The predominant spiritual path in the United States, Judeo-Christianity, talks much of the need for music, dance, movement, song, and expression. I think of all of the hymns and musicals my own Southern Baptist church produced, most complete with choreography, which is odd considering that many joke about Baptists’ aversion to dancing.
Even the Bible commands “Sing to the LORD a new song; Sing to the LORD, all the earth” (Psalms 96:1), and “Praise Him with timbrel and dancing; Praise Him with stringed instruments and pipe” (Psalm 150:4).
Furthermore, the Bible often talks of the body as being a “temple of the Holy Spirit” and even commands Christians to stay physically fit. “Or do you not know that your body is a temple of the Holy Spirit within you, whom you have from God? You are not your own, for you were bought with a price. So glorify God in your body” (1 Corinthians 6:19-20).
Yet, some of our GOP stalwarts who are cheering about a budget surplus are planning to “ force districts into stark choices about how to allocate their resources.” Ball continues,
“In some districts, it may mean spending millions more in local dollars to hire additional teachers. Or in other districts, officials say, leaders may be forced to eliminate specialty education positions or draw cash from other pools, such as funding for teaching assistants.”
That’s egregious. That’s backwards. That’s forcing school districts to make decisions about whether to educate the whole child or part of the child in order to make student/teacher ratios look favorable.
That’s like going out of your way to get plastic surgery, liposuction, and body sculpting to create a new look while ignoring the actual health of your body. Without proper nutrition, sleep, exercise, mental health, and emotional support, we open doors to maladies.
When the Bible talks about a temple, it talks about the insides, not just the outsides.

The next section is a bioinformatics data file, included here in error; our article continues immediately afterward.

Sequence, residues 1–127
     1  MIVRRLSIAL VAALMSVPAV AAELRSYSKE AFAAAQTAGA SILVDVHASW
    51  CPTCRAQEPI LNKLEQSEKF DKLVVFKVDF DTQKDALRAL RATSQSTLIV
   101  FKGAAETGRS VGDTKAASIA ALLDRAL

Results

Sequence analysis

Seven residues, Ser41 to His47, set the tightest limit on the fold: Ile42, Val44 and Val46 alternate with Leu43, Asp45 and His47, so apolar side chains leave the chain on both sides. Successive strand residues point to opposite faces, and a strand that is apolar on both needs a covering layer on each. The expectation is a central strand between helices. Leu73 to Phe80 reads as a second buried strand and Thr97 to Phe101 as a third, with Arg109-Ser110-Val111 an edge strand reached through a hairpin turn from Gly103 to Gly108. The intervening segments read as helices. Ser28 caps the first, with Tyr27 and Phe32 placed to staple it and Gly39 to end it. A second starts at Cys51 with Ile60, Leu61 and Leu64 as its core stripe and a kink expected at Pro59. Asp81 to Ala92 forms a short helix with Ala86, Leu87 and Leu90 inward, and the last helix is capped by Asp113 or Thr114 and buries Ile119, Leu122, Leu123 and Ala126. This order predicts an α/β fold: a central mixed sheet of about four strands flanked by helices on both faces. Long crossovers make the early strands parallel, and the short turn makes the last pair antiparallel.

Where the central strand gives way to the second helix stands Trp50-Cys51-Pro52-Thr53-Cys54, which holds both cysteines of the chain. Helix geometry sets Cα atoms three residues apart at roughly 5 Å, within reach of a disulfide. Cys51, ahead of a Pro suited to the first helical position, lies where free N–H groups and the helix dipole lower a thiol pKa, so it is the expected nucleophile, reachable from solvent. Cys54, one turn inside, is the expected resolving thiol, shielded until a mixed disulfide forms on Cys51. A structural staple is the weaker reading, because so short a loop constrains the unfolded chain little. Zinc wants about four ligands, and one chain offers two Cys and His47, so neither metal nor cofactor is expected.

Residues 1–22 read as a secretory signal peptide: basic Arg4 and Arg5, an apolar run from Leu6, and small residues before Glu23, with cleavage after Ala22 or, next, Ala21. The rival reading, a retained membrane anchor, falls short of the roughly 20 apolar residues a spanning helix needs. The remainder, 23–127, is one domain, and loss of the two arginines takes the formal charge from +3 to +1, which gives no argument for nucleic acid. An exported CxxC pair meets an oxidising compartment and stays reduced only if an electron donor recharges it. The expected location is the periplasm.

Interestingly enough, many of the private schools and charter schools that receive public money through Opportunity Grants have plentiful art programs and physical education opportunities.
What our history has shown us time and time again is that we needed music, dance, arts, and physical education to cope and grow as people and we needed them to become better students. To force the removal of these vital areas of learning would be making our students more one-dimensional. It would make them less prepared.
Don McLean released “American Pie” in 1971. It is widely considered one of the top ten songs of the entire twentieth century. Fifty-five years later, it still has relevance.
The last verse (or “outro”) is actually a tad bit haunting.
“I met a girl who sang the blues
And I asked her for some happy news
But she just smiled and turned away
I went down to the sacred store
Where I’d heard the music years before
But the man there said the music wouldn’t play
And in the streets, the children screamed
The lovers cried and the poets dreamed
But not a word was spoken
The church bells all were broken
And the three men I admire most
The Father, Son and the Holy Ghost
They caught the last train for the coast
The day the music died.”
When we elect our public servants to serve, we give them the keys to the vehicle that drives our state, a purple colored divided state that has HB2, vouchers, redistricting, Voter ID laws, underfunded public schools, and poverty.
Now imagine that vehicle being a Chevy. We don’t need to go to a dry levee.
We need to keep the music and the other “necessities.”